Navigation Links
Plastic electronics could slash the cost of solar panels
Date:4/2/2010

A new technique developed by Princeton University engineers for producing electricity-conducting plastics could dramatically lower the cost of manufacturing solar panels.

By overcoming technical hurdles to producing plastics that are translucent, malleable and able to conduct electricity, the researchers have opened the door to broader use of the materials in a wide range of electrical devices.

With mounting concerns about global warming and energy demand, plastics could represent a low-cost alternative to indium tin oxide (ITO), an expensive conducting material currently used in solar panels, according to the researchers.

"Conductive polymers [plastics] have been around for a long time, but processing them to make something useful degraded their ability to conduct electricity," said Yueh-Lin Loo, an associate professor of chemical engineering, who led the Princeton team. "We have figured out how to avoid this trade-off. We can shape the plastics into a useful form while maintaining high conductivity."

A multi-institutional team reported on its new technique in a paper published online March 8 in the Proceedings of the National Academy of Sciences.

The area of research, known as "organic electronics" because plastics are carbon-based like living creatures, holds promise for producing new types of electronic devices and new ways of manufacturing existing technologies, but has been hampered by the mysterious loss of conductivity associated with moldable plastics.

"People didn't understand what was happening," said Loo, who co-wrote the paper. "We discovered that in making the polymers moldable, their structures are trapped in a rigid form, which prevented electrical current from traveling through them."

Once they understood the underlying problem, Loo and her colleagues developed a way to relax the structure of the plastics by treating them with an acid after they were processed into the desired form.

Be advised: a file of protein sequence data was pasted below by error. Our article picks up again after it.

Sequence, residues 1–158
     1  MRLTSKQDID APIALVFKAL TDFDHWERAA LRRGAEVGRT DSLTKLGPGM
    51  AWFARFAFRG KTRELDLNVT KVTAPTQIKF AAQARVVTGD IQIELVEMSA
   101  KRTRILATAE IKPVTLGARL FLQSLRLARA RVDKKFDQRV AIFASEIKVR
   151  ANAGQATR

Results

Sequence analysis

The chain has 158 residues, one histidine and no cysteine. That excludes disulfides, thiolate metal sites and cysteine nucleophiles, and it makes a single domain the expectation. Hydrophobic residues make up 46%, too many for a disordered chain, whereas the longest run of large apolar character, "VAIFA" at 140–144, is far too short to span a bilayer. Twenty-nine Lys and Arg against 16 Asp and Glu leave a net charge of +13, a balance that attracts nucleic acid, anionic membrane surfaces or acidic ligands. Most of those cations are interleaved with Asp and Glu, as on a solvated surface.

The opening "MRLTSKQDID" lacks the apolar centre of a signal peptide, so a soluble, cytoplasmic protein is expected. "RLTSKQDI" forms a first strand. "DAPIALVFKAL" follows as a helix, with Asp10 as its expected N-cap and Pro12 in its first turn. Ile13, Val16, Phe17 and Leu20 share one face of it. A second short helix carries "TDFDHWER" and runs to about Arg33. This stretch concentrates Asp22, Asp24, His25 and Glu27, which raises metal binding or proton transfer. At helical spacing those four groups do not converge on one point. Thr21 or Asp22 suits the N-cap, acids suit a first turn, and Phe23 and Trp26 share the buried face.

Using the method, they were able to make a plastic transistor, a fundamental component of electronics that is used to amplify and switch electronic signals. They produced the electrodes of the transistor by printing the plastic onto a surface, a fast and cheap method similar to the way an ink-jet printer produces a pattern on a piece of paper.

Loo said the technique potentially could be scaled up for mass production presses akin to those used to print newspapers. "Being able to essentially paint on electronics is a big deal," Loo said. "You could distribute the plastics in cartridges the way printer ink is sold, and you wouldn't need exotic machines to print the patterns."

By allowing plastic solar cells to be manufactured using low-cost printing techniques and by replacing ITO as the primary conducting material, the plastics the team developed hold potential for lowering the cost of solar panels.

Currently, the electricity generated by plastic solar cells is collected by a transparent metal conductor made of ITO. The conductor must be transparent so that sunlight can pass through it to the materials in solar cells that absorb the light energy.

A rare and pricey byproduct of mining, ITO had come under increasing demand for use in flat-screen televisions, mobile phones and other devices with display screens. "The cost of indium tin oxide is skyrocketing," Loo said. "To bring down the costs of plastic solar cells, we need to find a replacement for ITO. Our conducting plastics allow sunlight to pass through them, making them a viable alternative."